2020 FNIH Lurie Prize in Biomedical Sciences Winner Pioneered Innovative Techniques to Shed New Light on Human Health
North Bethesda, MD, June 18, 2020 – The Foundation for the National Institutes of Health (FNIH) has named Aviv Regev, Ph.D., winner of the 2020 Lurie Prize in Biomedical Sciences for laying the groundwork for the field of single-cell genomics and spearheading leading-edge technologies that enable a sharper perspective on human cells and applying them to revolutionize understanding of biology and disease.
The human body comprises more than 37 trillion cells, the fundamental units of life. In the past, scientists have studied the molecular makeup of cells by analyzing them en masse, exploring thousands or millions of cells together at once. Dr. Regev has pioneered new approaches to study an equivalent number of cells individually and at high resolutions. This ability to focus on one cell at a time allows previously unknown, subtle differences between cells to be discerned and new and rare cells to be discovered. Dr. Regev has applied her novel techniques to illuminate key discoveries about how cells function in healthy states, as well as in disease states, such as cancer and autoimmune disease.
“We are delighted to award Dr. Regev with this year’s Lurie Prize. Her innovative work has made a major contribution to scientific understanding, highlighting an astonishing diversity in the activities and types of cells,” said Maria C. Freire, Ph.D., President and Executive Director of the FNIH. “Applying those revolutionary techniques to cataloguing every cell in the body promises to have a vital impact on the future of diagnosis and therapy.”
Dr. Regev is the co-founder and co-leader of the Human Cell Atlas, an international community of more than 1,800 scientists working to create comprehensive reference maps of all human cells. Using single-cell genomics and other techniques, researchers in the Human Cell Atlas initiative are mapping the cellular terrain of all organ systems, pinpointing the precise locations of cells using disease-causing genes.
Dr. Regev is a Core Member, Chair of the Faculty and Director of the Klarman Cell Observatory at the Broad Institute of MIT and Harvard, Professor of Biology at MIT and an Investigator of the Howard Hughes Medical Institute. She earned an M.S. and a Ph.D. from Tel Aviv University and is a member of the National Academy of Sciences.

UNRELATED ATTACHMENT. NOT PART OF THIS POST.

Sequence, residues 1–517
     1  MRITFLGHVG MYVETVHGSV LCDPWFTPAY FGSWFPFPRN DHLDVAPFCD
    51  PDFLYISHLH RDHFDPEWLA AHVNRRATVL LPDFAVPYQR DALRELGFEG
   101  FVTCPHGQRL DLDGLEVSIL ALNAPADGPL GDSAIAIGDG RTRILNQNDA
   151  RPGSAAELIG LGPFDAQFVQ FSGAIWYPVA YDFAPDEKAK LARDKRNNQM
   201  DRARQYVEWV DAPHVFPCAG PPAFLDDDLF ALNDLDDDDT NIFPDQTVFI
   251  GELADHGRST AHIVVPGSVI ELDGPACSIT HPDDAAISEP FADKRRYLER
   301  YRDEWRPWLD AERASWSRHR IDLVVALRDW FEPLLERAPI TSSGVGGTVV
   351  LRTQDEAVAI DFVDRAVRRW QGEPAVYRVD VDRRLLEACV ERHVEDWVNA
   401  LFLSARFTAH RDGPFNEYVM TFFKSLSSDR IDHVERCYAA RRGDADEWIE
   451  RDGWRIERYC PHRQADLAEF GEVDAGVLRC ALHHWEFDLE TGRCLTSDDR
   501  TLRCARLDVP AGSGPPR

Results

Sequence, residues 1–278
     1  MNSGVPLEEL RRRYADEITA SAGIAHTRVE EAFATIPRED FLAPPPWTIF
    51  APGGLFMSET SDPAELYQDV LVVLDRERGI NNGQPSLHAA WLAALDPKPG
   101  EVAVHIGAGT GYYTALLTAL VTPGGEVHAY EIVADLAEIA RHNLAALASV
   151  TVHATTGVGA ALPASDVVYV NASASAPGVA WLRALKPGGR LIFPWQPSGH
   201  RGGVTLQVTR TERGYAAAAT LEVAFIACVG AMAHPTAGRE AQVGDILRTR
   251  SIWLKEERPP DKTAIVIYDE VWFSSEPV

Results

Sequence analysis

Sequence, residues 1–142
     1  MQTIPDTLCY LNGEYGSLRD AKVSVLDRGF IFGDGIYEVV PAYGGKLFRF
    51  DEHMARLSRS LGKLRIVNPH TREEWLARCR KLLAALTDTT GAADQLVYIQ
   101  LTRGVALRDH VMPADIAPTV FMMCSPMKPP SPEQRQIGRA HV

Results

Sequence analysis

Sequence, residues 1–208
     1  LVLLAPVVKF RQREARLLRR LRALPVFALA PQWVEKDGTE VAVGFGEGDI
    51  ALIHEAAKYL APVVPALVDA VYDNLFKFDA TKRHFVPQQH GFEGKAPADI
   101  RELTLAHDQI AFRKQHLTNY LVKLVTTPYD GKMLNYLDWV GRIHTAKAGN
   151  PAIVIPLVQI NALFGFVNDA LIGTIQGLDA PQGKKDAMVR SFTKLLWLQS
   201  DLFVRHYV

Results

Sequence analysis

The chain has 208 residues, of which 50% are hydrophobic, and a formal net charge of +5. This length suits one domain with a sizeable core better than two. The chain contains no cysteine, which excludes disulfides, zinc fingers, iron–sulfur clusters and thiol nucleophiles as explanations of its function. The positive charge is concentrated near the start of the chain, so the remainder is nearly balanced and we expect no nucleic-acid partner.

“I am thrilled and deeply grateful to be honored with this prestigious prize for early-career scientists in biomedicine,” said Dr. Regev. “It reflects the amazing impact that single-cell methods and its conceptual framework, which barely existed eight years ago, have already had on shedding new light on basic cell and tissue biology, across all its fields, and on clinical insights for treating and diagnosing disease.”
Now in its eighth year, the Lurie Prize in Biomedical Sciences recognizes outstanding achievement by a promising scientist aged 52 or younger. The prize includes a $100,000 honorarium, made possible by a donation to the FNIH by philanthropist Ann Lurie, President of the Ann and Robert H. Lurie Foundation and President of Lurie Holdings, Inc.
“Dr. Regev’s visionary leadership and technical expertise have propelled biomedical research,” said Ms. Lurie. “Through its already transformative impact, and its potential promise for the future, Dr. Regev’s work precisely represents the spirit of the Lurie Prize, inspiring the next generation of scientists.”
A jury of six distinguished biomedical researchers selected Dr. Regev as this year’s Lurie Prize in Biomedical Sciences winner. The jury is chaired by Solomon H. Snyder, M.D., Distinguished Service Professor of Neuroscience, Pharmacology & Psychiatry, The Solomon H. Snyder Department of Neuroscience at Johns Hopkins University and Vice Chairman for Science of the FNIH.
The presentation of the Lurie Prize is made possible by sponsors, including Visionary Sponsor Joel S. Marcus/Alexandria Real Estate Equities, Inc./Alexandria Venture Investments.
For more information about the Lurie Prize in Biomedical Sciences and a list of previous winners, please visit fnih.org/LuriePrize.
Foundation for the NIH
About the Foundation for the National Institutes of Health
The Foundation for the National Institutes of Health creates and manages alliances with public and private institutions in support of the mission of the NIH, the world’s premier medical research agency. The Foundation, also known as the FNIH, works with its partners to accelerate biomedical research and strategies against diseases and health concerns in the United States and across the globe. The FNIH organizes and administers research projects; supports education and training of new researchers; organizes educational events and symposia; and administers a series of funds supporting a wide range of health issues. Established by Congress, the FNIH is a not-for-profit 501(c)(3) charitable organization. For additional information about the FNIH, please visit fnih.org.